Monday, March 26, 2018

Dancing King Stories: St. Martin-in-the-Fields, and the Crypt

Trafalgar Square in London is highlighted by three landmarks – the statue of Nelson in the square itself, the National Gallery on north side, and St. Martin-in-the-Fields Church at the northeast corner.

At ground level, you have to look up (way up) to see Nelson atop his column. The National Gallery is huge, running the entire length of the square, including both the original building and the relatively new (and contemporary) Sainsbury Wing. St. Martin’s, however, has always seemed the most striking building, perhaps because of its steeple and its architecture, which has inspired thousands of church buildings in the United States.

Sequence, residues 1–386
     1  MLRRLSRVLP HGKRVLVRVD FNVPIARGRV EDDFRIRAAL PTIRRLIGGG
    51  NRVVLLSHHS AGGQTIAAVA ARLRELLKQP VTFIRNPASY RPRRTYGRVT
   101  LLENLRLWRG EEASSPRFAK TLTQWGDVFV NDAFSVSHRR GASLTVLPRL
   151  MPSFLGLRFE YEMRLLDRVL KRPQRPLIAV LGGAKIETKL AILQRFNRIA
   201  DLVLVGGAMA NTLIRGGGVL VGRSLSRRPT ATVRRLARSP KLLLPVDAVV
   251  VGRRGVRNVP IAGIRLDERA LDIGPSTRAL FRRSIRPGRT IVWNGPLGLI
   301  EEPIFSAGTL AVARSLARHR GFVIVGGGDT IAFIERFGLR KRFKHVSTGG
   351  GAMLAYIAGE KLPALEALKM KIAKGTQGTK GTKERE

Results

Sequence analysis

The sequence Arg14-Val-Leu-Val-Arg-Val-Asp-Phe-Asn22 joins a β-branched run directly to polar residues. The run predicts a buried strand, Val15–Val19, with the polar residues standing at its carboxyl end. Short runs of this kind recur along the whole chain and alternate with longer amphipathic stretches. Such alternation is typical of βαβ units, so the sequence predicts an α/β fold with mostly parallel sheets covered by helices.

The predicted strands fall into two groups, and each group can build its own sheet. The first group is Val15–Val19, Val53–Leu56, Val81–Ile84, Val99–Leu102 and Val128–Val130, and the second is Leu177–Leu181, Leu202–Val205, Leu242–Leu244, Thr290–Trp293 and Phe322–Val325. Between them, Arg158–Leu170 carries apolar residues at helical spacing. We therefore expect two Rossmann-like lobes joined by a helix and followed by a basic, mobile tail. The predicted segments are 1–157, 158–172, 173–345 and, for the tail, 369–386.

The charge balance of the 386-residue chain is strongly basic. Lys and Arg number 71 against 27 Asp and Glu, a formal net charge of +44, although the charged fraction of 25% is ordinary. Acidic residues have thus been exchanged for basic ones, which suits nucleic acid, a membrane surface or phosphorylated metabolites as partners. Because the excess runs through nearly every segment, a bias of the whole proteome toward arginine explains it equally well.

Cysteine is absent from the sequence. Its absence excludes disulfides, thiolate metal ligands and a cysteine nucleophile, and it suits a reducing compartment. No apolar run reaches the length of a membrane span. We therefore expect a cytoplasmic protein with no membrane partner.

The church is named for St. Martin, born about 316 A.D. in what is now Hungary and right when Christianity was legalized in the Roman Empire by Constantine. He was originally in the Roman army but left because of his faith and settled at Poitiers in France, where he founded the first monastery in France. The monastery lasted until the French Revolution in 1789.

To continue reading, please see my post today at Dancing Priest.

Top photograph of St, Martin-in-the-Fields, London, by Robert Cutts via Wikimedia.

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